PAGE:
It’s over. The eight year history of The Sopranos has finally ended, or make that non-ended.
The series final episode last night on HBO was anything but a tidy ending to eight years of Tony, Carmelo, A.J. and Meadow. It left viewers in the dark, literally.
Following a shot of Tony downing an onion ring with his family at a neighborhood diner, the whole screen goes black with the music, “Don’t Stop Believing” in the background.
Shady characters who were looking at Tony could have been there to “whack” him. His daughter had trouble parking the car and was rushing into the restaurant as it ended.
What was her lesson in parallel parking all about?
Instead of some answers all we got were about five seconds of a blank, black screen. Since I recorded the show I wondered if there was something wrong with my DVR, cable box or network problem.
Then the credits began to roll and you realized you had been had.
No shoot-outs, no family fighting, no fires, no kisses or hugging. Just a lot of questions causing much discussion around water coolers and radio/TV talk shows everywhere.
One perception you hear is that the show’s creator, David Chase, is a genius. Those happy with the ending say he ended the finale just like any other episode, kind of family business as usual. Some say the final scene related back to an earlier scene in this season’s first episode during a discussion on a boat between Tony and his brother-in-law Bobby. They discussed death and when asked how it is when it’s finally your time to go, Tony just replies I guess it all just goes black. Hence giving credence to those who believe Tony got shot.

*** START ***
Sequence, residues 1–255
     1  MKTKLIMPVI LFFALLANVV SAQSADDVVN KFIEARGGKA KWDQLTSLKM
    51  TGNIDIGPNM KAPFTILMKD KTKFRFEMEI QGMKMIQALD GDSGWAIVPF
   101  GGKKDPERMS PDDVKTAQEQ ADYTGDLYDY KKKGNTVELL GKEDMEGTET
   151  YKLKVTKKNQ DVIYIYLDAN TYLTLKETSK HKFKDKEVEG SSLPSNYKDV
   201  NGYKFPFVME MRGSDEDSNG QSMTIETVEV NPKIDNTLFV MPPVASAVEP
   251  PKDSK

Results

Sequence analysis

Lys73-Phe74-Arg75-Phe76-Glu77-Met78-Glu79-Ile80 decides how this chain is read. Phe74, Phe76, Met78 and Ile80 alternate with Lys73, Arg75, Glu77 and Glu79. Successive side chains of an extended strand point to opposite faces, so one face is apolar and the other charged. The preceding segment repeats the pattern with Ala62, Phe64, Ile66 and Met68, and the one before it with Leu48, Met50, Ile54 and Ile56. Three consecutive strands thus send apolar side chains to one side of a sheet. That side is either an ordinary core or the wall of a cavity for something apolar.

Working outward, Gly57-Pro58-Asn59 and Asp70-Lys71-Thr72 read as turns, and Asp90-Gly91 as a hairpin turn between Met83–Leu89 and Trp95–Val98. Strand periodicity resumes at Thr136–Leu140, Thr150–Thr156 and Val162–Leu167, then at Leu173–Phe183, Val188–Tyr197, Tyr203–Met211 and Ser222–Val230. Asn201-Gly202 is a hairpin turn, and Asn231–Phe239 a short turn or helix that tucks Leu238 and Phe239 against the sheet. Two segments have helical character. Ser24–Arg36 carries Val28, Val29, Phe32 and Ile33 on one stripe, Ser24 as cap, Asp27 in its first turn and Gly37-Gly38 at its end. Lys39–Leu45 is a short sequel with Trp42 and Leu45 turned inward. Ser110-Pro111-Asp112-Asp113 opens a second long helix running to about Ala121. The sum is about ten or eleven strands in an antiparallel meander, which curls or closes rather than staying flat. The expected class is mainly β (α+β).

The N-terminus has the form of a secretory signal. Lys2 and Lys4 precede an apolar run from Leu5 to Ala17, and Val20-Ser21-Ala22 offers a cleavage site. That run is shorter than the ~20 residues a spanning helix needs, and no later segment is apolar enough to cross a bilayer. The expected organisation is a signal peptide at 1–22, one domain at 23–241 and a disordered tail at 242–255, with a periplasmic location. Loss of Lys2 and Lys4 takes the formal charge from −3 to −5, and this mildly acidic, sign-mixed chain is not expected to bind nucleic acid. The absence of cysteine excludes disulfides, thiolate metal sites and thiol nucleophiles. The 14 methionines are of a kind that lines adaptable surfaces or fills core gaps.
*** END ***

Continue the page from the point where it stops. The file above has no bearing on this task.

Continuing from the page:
Other perceptions don’t paint such a rosy picture. Some say the ending was awful and they’ll cancel their subscriptions to HBO. A few say Chase left it open at the end for a potential movie to be made, extremely doubtful. James Gandolfini, who plays Tony, has been quoted as saying he’s pretty tired of being joined to the hip with the character and wants to move on. Still others, and I’m in this group, would have liked more closure.
Regardless HBO has created tremendous buzz about the episode. From a public relations and marketing standpoint that’s great, but what good will it do now that the series is over?
Will more viewers subscribe to or check out HBO because of this discussion? Probably not.
Will viewers begin to leave HBO now that is over? A few certainly will, even though the show itself has been on only sporadically the last few years.
Where does the network go from here? They most definitely need to develop another huge hit or hits. Since the network is subscriber based ratings aren’t all that important. The need to continue to attract viewers at $10-$15 per month however, and keep some momentum flowing, is paramount.
Two or three interesting series might do the trick. Several of HBO’s own movies and documentaries will also help.
Unfortunately, for most, Sunday night won’t be “must see TV” anymore on HBO. It’s an issue the network will have to overcome if it wants to keep it’s own house in the black.